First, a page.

From Fast Company, Melissa Chu provides excellent guidance about how to avoid nightmare clients. One of the great bits of advice Melissa offers is to separate core clients from prospective clients who are just looking around. Melissa writes:
2. DISTINGUISH BETWEEN “COST” AND “VALUE” CLIENTS
If you’ve been speaking with a prospect about your services, money will come up eventually, which is usually a good thing—you want to get paid. The question is how and when that conversation takes place.
In my experience, there are generally two types of clients: the “cost” client and the “value” client. The former focuses on getting work done at the lowest price possible, with quality more of an afterthought. The “value” client, on the other hand, wants the work done right and is interested in the value you can provide. Cost is secondary, as long as you provide high-quality work.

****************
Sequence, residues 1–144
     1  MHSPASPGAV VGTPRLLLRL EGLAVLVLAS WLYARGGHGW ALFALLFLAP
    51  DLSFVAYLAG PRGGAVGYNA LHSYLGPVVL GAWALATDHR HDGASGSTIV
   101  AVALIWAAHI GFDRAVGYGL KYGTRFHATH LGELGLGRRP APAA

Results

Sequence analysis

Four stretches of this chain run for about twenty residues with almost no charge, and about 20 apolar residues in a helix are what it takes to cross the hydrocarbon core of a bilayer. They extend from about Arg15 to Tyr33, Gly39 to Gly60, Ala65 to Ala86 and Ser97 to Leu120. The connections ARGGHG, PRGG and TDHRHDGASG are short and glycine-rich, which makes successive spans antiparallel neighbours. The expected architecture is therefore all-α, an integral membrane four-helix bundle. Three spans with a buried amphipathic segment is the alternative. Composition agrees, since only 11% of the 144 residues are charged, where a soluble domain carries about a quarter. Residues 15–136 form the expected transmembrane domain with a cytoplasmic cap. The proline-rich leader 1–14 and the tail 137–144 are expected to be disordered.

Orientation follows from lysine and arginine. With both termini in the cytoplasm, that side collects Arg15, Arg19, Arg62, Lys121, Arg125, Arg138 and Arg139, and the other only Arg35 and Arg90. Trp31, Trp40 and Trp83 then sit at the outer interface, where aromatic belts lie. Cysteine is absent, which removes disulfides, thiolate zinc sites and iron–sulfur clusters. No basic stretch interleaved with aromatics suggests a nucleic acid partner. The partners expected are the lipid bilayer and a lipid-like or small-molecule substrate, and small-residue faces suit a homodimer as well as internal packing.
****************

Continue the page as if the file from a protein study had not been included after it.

Most freelancers generally prefer to have value-driven clients. If that’s you, here are some phrases to look out for in your earliest exchanges, which could signal a client who’s more focused on cost:
- “$200? I could get that from someone else for $20.”
- “I’m poor and don’t have any money.” (I’ve heard this from people who are multi-millionaires.)
- The very first question is, “How much will that cost?”
Despite your best efforts, some people will focus only on cost and not on the value you provide. If that happens, it may be time to walk away—those can quickly become nightmare clients. Not every prospect you speak with will wind up working with you, and that’s okay.
Read the full story at The Freelancer’s Guide To Avoiding Nightmare Clients